A Forgotten Affair by Kanchana Banerjee is published by Harlequin, an imprint of Harper Collins. Since it is a Harlequin romance I was expecting something else, but I was pleasantly surprised from the very moment I started reading it. At the risk of sounding clichéd, I would still say this book is refreshingly different from the recent romances that I have read.
Banerjee weaves a tale of love, loss and despair with an élan only seen with seasoned writers, it is hard to tell that this is her debut book. From the first line to the last never does it once feel forced, the story takes such a classic beautiful natural flow.
The story revolves around, Sagarika, a character you feel immediately drawn to for her vulnerability. She is beautifully drawn by the author, she is like a hauntingly melancholic painting done in transparent watercolour. It is intriguing to see how Sagarika struggles to put back the pieces together after she recovers from a near-fatal accident and a complete memory loss, there are two distinct portrayal of her character, the vibrant effervescent one before the accident and the confused vulnerable one coming to terms with her mind’s blank canvas.
This book deals with an extremely sensitive issue, that is of emotional abuse in domestic quarters, we tend to overlook this and most of us are still very uncomfortable talking about it. Through Sagarika, Banerjee has taken the readers to this uncomfortable zone and made us question ourselves, how many times we have been emotionally abused by someone close, yet we have chosen to keep quite.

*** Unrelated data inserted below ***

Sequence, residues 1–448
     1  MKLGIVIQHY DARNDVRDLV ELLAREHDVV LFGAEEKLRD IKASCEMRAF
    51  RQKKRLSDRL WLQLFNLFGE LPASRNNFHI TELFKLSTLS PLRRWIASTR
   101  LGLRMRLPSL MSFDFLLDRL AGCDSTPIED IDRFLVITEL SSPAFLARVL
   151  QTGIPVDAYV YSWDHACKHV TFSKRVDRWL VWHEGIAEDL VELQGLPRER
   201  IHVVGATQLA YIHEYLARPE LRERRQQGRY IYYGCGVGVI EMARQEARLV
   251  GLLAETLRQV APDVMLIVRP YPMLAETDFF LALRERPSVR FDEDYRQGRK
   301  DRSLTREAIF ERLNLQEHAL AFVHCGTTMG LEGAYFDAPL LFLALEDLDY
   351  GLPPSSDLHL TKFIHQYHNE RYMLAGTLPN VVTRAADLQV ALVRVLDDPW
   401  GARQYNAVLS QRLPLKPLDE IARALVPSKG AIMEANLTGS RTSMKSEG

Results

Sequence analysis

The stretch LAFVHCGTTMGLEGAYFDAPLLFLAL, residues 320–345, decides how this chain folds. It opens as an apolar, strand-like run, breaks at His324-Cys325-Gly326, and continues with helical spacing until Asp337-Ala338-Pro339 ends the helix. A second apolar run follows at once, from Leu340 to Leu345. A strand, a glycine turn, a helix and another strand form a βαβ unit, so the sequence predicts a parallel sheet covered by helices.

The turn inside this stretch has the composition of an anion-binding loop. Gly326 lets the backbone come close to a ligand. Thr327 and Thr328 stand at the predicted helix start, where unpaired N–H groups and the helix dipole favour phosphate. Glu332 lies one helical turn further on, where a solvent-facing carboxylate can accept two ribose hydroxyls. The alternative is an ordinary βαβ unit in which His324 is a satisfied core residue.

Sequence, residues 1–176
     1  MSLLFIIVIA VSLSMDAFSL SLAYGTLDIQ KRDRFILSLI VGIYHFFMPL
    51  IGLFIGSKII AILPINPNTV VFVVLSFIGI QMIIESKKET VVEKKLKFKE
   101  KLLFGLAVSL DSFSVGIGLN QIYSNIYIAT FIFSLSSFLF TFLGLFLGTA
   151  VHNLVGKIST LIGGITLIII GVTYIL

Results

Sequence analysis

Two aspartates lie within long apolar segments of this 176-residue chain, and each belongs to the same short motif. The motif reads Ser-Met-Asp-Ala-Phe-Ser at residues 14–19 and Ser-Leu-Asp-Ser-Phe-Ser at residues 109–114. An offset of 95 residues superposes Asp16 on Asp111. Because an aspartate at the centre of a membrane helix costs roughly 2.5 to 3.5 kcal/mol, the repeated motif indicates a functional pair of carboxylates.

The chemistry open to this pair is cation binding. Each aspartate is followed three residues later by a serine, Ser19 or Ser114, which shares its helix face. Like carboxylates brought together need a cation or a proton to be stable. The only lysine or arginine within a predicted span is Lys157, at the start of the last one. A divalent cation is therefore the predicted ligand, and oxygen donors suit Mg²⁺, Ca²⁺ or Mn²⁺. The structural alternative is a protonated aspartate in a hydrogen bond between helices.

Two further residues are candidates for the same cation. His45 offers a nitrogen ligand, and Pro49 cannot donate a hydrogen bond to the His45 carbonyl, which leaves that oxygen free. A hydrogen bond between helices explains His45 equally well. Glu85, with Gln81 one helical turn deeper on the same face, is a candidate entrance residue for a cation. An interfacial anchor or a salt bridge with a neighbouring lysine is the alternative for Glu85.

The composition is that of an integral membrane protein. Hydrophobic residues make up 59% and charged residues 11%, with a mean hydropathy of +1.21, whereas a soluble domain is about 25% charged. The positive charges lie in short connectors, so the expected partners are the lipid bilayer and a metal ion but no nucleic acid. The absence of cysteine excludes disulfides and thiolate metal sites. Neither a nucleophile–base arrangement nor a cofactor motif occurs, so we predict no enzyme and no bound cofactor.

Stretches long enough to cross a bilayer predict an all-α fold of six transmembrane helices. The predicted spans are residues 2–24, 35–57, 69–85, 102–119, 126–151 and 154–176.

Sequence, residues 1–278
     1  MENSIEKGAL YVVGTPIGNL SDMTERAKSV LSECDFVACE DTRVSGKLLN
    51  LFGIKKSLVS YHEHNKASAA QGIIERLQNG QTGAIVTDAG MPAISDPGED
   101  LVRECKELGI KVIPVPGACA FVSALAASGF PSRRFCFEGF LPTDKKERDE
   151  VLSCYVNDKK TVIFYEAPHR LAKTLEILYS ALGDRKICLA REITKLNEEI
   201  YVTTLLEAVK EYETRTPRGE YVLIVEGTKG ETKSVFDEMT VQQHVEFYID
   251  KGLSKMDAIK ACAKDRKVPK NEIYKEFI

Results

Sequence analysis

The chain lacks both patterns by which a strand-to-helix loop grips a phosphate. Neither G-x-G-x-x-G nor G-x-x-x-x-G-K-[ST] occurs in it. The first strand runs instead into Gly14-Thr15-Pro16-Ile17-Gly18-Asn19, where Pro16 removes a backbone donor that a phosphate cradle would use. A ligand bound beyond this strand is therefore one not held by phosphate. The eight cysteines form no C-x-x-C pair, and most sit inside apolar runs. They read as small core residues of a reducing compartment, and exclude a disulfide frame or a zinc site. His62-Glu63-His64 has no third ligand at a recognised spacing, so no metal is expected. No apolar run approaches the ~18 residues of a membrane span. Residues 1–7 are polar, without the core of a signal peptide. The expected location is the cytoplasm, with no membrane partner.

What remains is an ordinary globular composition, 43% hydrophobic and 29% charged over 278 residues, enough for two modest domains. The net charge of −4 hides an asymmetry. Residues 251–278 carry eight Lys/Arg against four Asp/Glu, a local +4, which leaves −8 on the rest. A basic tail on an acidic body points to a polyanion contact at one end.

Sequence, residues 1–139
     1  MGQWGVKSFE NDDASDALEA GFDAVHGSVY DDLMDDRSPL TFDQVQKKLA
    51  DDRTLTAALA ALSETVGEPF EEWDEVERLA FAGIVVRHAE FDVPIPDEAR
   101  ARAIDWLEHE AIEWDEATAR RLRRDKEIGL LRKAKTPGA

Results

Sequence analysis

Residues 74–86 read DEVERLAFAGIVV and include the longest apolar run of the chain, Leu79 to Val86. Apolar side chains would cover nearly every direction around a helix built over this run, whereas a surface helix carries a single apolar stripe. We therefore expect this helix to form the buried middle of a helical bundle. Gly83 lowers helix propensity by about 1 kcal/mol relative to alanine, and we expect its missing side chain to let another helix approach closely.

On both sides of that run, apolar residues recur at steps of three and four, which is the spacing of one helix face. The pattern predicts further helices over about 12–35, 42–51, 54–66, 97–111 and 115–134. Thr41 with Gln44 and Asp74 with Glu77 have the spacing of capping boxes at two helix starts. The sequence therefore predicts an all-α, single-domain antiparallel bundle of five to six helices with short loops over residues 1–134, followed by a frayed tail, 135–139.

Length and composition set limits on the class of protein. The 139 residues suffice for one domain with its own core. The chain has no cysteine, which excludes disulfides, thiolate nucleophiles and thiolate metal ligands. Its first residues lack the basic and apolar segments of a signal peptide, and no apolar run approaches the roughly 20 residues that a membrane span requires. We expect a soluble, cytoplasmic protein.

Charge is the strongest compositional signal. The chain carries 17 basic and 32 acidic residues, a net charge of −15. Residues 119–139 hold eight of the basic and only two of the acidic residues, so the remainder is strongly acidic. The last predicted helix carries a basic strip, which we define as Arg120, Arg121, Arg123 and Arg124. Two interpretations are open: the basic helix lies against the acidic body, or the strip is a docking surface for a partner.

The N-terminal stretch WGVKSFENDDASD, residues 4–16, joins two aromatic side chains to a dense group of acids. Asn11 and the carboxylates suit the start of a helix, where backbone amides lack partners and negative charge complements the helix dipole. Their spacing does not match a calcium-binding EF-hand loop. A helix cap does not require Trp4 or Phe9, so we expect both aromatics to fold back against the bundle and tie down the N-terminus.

The characters are the strength of this book, it is more than the situations, it is the emotions and actions of the characters which drive the book. The portrayal of Rishab, Sagarika’s emotionally abusive husband is extremely real, I had a constant feeling of unease every time his character appeared in the book. The best friend, the lover, the mother all of them have their share in the story.
Banerjee’s language is flawless, the narration smooth and the transition of time between Sagarika’s memory loss and the time before is done without breaking the chain of the tale. The simplicity of the words used adds to the powerful emotion it carries, I am glad she has chosen a simpler vocabulary to tell her story.
The editing is commendable.
The cover is beautiful.
Banerjee’s A Forgotten Affair will remain one of my favourite books that I have read this year, for two main reasons first being a that this book left me with a feeling of love and hope at the end and the other being a strong emotional connect that I felt towards the main character who I felt an immense urge to protect myself.
Overall an excellent debut!
Please note: This is NOT a commissioned review.